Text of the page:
The kid’s checklist for managing anxiety or panic attacks
Has your child or teen ever gotten really worked up about something? Maybe they became overwhelmed by a school project or extremely upset after a friend said something hurtful. Have they ever shared that they struggle with anxiety or have had a panic attack? These moments can be scary for both kids and parents, but there are things you can do to help in the moment.
What is an anxiety attack?
Anxiety can be a feature of many situations and conditions. An “anxiety attack” is something that usually occurs in response to certain stressors and can be a severe feeling of apprehension, worry, distress, or restlessness. It may build gradually and last for an extended period of time.
In actuality, it is less of an “attack” and more of a “state of feeling” that can last hours or days. Other symptoms that one might feel are shortness of breath, chest pain, heart palpitations, dry mouth, sweating, trouble sleeping, shaking or feeling dizzy.
A “panic attack” is a sudden or intense feeling of overwhelming fear. Someone having a panic attack may feel like their heart is racing and they may become short of breath or feel like they are choking. Dizziness or nausea may also be side effects. These attacks can happen without a cause or can be caused by an external stressor (think a person who is afraid of flying and is trying to get on an airplane).
If you or your child is trying to figure out which one is happening, the strongest indicator is how it comes on: Is it sudden or does it build slowly over time? Now that we determined if it’s an anxiety or panic attack, let’s talk about how to help.
Preventative steps to take
To prevent or to lessen the severity of anxiety attacks, you or your child can try the following:
- Take good care of yourself by getting sleep and exercise.
- Drink water. A lack of hydration can affect your body’s function and put you at risk for anxiety.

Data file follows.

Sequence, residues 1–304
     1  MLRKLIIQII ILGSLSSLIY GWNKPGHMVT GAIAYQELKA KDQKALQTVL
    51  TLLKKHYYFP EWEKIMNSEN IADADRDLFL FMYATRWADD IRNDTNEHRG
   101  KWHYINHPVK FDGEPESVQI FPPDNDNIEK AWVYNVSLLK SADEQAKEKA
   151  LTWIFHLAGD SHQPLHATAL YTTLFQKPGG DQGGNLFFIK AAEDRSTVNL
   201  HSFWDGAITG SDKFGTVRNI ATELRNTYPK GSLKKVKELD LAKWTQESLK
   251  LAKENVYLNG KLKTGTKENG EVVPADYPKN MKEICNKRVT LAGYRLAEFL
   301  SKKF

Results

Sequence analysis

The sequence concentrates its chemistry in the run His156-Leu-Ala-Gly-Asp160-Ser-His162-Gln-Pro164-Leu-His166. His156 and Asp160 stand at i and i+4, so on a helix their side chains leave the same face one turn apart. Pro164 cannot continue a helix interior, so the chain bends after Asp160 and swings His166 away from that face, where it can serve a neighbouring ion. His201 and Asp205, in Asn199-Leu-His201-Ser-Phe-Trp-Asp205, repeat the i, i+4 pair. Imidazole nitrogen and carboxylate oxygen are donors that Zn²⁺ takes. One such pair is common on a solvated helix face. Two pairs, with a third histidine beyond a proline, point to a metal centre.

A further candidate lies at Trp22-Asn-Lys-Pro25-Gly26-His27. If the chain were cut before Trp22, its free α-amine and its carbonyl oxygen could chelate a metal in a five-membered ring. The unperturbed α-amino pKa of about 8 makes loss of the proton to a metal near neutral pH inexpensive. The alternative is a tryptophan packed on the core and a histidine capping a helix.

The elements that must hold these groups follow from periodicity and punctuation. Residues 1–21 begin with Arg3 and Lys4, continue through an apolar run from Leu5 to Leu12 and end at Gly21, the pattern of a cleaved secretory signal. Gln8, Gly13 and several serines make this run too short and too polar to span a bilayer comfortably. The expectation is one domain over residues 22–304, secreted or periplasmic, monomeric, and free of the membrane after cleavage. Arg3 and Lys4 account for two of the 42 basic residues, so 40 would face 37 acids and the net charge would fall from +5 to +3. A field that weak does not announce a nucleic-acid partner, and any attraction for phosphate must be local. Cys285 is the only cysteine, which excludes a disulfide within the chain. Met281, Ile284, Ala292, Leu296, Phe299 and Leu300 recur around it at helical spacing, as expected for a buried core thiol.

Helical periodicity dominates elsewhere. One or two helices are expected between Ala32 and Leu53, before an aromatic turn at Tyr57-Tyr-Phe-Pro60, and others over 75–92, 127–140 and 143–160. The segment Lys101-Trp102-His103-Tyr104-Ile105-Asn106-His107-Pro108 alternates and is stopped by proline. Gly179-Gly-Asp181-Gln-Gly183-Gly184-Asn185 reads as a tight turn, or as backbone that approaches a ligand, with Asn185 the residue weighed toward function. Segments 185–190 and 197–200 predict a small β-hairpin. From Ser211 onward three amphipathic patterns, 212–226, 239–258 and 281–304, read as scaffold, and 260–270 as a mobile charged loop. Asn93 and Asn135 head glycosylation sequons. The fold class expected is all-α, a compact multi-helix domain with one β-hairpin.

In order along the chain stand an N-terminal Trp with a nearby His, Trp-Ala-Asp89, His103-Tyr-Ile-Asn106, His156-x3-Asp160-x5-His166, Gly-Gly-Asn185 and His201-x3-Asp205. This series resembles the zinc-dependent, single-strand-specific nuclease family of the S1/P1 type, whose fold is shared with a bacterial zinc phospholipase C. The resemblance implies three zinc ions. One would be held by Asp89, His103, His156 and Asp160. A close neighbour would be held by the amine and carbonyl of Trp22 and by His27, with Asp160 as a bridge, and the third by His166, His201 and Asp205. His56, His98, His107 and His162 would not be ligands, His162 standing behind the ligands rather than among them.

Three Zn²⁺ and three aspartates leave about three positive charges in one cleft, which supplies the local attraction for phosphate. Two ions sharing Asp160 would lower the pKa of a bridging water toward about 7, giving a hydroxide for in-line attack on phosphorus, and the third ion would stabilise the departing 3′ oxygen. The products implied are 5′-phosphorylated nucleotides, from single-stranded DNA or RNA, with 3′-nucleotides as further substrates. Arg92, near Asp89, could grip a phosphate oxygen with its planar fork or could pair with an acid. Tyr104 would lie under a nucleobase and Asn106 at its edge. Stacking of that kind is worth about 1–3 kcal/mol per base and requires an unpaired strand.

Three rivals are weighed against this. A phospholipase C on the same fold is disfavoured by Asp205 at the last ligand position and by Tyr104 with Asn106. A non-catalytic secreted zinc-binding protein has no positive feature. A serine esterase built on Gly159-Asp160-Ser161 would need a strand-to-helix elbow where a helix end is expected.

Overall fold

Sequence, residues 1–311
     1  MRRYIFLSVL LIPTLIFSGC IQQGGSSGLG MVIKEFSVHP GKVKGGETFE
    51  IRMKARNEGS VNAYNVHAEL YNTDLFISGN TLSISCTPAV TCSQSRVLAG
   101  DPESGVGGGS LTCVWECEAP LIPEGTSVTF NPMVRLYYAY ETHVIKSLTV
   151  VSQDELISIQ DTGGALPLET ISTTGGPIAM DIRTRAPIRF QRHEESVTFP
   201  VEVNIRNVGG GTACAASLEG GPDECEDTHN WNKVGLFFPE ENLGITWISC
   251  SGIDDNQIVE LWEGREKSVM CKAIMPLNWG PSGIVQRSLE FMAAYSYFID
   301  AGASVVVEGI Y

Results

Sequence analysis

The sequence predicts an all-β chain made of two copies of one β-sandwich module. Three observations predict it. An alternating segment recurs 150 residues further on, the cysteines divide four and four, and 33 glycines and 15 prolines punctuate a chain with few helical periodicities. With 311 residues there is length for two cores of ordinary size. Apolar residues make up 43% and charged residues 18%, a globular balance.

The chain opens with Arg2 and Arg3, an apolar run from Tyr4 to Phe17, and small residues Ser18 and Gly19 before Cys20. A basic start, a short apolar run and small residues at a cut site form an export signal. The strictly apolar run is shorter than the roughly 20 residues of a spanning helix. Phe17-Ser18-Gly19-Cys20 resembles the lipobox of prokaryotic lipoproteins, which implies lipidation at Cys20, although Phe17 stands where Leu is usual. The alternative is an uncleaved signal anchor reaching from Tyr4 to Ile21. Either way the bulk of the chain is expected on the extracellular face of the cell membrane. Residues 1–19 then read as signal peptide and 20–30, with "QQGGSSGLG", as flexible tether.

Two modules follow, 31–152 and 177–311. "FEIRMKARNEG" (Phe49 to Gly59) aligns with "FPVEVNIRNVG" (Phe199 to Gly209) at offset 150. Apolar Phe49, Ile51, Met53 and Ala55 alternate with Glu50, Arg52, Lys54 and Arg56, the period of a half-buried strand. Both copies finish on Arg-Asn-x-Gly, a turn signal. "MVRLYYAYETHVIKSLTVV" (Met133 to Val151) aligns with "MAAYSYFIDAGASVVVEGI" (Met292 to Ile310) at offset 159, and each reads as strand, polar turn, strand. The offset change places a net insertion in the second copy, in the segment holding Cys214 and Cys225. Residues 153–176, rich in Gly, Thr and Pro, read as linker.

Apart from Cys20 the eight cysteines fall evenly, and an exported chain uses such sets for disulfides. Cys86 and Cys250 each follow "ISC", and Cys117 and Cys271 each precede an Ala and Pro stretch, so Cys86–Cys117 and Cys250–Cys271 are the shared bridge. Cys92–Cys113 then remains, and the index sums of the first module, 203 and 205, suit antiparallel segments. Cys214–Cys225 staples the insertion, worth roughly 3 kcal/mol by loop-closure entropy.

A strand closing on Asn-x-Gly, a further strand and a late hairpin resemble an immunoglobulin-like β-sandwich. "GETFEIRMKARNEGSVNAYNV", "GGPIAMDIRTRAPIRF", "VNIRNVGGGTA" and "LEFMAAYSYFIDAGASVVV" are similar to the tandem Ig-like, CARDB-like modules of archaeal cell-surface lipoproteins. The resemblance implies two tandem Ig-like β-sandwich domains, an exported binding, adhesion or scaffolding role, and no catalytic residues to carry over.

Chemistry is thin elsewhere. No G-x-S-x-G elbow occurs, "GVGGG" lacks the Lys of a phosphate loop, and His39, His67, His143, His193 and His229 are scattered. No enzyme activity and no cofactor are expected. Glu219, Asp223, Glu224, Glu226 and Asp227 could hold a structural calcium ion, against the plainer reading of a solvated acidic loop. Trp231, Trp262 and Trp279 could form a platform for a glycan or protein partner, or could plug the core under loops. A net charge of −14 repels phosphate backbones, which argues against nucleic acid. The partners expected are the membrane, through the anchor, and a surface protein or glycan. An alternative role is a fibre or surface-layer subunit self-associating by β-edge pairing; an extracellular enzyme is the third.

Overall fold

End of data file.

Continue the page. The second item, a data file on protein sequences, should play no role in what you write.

- Tap into relaxation practices. Breathing exercises can calm both your body and mind when you’re starting to feel panicked. You can use a guided breathing exercise online or try “box breathing” on your own:
- Breathe out slowly and release all of the air in your lungs.
- Breathe in through your nose, slowly counting to four.
- Hold your breath for a count of four.
- Exhale for a count of four.
- Hold your breath again for a count of four.
- Repeat for three to four rounds.
- Schedule downtime to do something fun. Being anxious about something in the future can be very overwhelming. Try to take a break from things that are stressful and go for a walk in nature, take a bath, or call a friend. Anything that is just for you.
- Make a list of the things you can control. Try your best to pull your focus away from things that happened in the past or something that may occur in the future and get grounded in the present moment. Tell yourself that you are okay in this moment and that you’ll be capable of handling anything that comes your way.
What to do during a panic attack
- Close your eyes. Typically there is an external cause of what is causing the panic and if you close your eyes, chances are you will not see what is causing the stress and this will give you time to figure out what to do next.
- If you don’t want to close your eyes, find a focus object. It might be looking at a tree or a piece of art on the wall. If panic attacks happen often, carry a smooth rock or an object in your pocket that you can take out and focus on when you need it.
- Have something that smells like lavender on hand and use it to practice deep breathing. This is a natural remedy that has been shown to reduce stress and help people relax.
- To slow rapid breathing, focus on slowing the breath or just trying to breathe normally. Try belly breathing: breathe in for 4 counts, hold for 4 counts, and let it out for 4 counts. Do this 4 times and see how you are feeling.
- Picture your happy place. Think of a place that is quiet, calm and relaxing. Imagine yourself there and focus on the details. How would it feel, what would you see, what would you smell, and what would you hear?
Once you have done all of this, or you can’t do any of these steps, try this final one: “This will pass” or another mantra. Though an attack may feel endless, it will pass. Remember that Bend is here to support you and your family when you need us.